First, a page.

The many businesses that do not have a gender pay gap have no reason to be alarmed by the pay equity settlement reached in government-funded care service sectors which employ mainly women on low rates.
Applauding the reported move to pay equity for workers, mainly woman in aged residential care, home support and disability services, Michael Barnett, head of the Auckland Regional Chamber of Commerce, said that the pay equity principle should be carried across to other sectors that have failed to recognize the skill base that these mainly lower paid women workers contribute.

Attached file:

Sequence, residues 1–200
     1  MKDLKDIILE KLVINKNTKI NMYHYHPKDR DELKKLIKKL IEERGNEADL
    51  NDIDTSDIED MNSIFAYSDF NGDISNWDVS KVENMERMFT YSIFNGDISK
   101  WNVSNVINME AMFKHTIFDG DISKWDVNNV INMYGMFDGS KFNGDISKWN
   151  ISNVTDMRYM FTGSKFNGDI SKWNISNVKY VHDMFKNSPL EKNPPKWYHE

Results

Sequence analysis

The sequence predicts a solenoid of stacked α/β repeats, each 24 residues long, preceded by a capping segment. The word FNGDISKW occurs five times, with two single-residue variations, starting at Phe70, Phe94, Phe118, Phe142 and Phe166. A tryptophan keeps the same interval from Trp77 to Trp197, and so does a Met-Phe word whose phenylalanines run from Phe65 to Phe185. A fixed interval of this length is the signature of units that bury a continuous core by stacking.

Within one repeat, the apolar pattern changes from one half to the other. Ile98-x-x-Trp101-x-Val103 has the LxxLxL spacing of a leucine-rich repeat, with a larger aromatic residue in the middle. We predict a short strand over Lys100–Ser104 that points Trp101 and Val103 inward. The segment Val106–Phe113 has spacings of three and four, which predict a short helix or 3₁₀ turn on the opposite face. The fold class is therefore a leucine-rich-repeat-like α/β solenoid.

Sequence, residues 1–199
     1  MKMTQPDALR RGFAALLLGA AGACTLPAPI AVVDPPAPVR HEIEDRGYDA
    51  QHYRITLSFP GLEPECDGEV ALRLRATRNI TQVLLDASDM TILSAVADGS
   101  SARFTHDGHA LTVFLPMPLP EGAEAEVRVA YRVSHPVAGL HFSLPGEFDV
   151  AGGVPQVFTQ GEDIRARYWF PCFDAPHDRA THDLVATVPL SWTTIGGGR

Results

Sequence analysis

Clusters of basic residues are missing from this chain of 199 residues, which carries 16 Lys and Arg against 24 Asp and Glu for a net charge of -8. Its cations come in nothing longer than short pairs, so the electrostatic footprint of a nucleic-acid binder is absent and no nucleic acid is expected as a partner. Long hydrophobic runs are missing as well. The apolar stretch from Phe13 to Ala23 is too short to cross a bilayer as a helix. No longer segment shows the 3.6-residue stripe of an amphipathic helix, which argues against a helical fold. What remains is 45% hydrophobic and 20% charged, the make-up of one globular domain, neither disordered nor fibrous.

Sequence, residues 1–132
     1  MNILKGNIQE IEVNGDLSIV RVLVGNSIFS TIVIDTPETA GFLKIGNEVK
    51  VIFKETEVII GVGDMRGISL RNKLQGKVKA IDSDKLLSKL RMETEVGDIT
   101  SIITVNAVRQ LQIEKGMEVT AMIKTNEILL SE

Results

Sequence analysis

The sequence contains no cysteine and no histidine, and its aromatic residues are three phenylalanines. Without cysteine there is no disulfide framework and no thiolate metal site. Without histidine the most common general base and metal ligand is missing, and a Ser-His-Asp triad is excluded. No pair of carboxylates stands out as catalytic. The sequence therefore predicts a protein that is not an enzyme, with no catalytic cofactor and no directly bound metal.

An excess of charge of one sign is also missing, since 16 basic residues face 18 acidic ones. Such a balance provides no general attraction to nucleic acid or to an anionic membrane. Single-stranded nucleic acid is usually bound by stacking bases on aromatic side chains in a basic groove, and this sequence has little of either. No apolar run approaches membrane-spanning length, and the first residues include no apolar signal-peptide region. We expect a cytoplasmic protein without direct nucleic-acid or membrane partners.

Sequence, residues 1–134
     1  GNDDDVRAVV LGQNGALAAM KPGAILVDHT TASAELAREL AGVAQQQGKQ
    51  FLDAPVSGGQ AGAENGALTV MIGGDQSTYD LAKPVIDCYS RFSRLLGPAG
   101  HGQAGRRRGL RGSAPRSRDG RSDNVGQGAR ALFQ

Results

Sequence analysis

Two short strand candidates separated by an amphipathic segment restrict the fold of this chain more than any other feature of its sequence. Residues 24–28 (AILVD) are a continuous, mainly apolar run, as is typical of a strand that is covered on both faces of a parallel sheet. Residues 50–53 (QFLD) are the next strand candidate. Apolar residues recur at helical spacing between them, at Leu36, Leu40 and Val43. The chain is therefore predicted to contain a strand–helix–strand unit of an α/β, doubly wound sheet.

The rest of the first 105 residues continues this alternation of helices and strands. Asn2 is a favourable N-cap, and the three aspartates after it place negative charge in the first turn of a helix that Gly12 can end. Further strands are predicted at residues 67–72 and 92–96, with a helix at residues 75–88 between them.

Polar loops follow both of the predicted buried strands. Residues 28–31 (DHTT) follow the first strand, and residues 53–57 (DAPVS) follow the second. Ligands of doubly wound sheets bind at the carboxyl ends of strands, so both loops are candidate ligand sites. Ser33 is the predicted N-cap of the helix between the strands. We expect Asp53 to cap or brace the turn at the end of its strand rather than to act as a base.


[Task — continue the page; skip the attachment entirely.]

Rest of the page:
“Recognising pay equity principles should ensure that any pay gap that exists within a business or sector, whether government-funded or private sector, can be addressed fairly and positively,” he suggested.
Pay equity is an obvious and now well-established principle, and which businesses and sectors that haven’t fully recognized will need to attend to.
But the many businesses in the private sector that do not have a gender pay gap should not be alarmed by this settlement – “on the contrary, it gives due recognition to the particular skills these people bring to taking care of people in need of specialist care,” concluded Mr Barnett.